Telescopes observe celestial objects (or sources) in the sky. The telescopes are usually movable and can point at different positions in the sky. Very large scientific telescopes in astronomical observatories are highly specialised, very expensive and scarce. Hence, they must be used as efficiently as possible.
In a typical operation mode, a telescope will be configured to observe a given list of sources, which correspond to positions in the sky. It remains pointed at a source of the list for a certain observation period, e.g. 10 minutes, after which the telescope is rotated and tilted to point to the next object on the list. Due to the fact that the movement between positions takes time and that necessary observation periods might vary, this observation of sources becomes a difficult optimisation problem.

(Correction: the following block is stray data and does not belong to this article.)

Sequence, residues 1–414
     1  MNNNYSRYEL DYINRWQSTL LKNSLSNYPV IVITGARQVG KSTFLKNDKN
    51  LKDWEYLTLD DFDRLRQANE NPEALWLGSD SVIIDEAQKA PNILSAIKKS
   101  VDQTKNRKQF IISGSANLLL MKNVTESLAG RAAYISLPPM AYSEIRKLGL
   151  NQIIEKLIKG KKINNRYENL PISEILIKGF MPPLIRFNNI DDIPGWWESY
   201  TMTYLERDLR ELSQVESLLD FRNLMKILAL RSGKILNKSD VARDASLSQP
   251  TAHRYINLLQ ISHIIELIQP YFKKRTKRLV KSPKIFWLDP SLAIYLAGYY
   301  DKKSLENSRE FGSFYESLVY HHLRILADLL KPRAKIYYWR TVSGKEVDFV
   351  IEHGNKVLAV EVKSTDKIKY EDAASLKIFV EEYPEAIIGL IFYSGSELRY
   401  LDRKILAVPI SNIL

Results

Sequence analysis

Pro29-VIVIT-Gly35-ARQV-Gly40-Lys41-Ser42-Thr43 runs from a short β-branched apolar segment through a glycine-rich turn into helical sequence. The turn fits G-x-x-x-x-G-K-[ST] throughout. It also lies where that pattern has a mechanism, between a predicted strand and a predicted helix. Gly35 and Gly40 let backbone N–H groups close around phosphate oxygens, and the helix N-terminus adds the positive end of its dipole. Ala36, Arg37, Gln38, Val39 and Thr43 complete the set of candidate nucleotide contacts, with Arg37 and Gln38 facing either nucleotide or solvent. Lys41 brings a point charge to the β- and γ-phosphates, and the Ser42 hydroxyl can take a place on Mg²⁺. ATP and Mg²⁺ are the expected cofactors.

In this project you will develop scheduling and ordering algorithms to optimise the use of telescopes. This includes the development of a tool that can process lists of source to be observed which then creates optimised observation sequences that can be used for the operation of real telescopes.
This project will be done in collaboration with A/Prof Willem van Straten, Institute for Radio Astronomy and Space Research, AUT.
Telescope scheduling tool
Lab allocations have not been finalised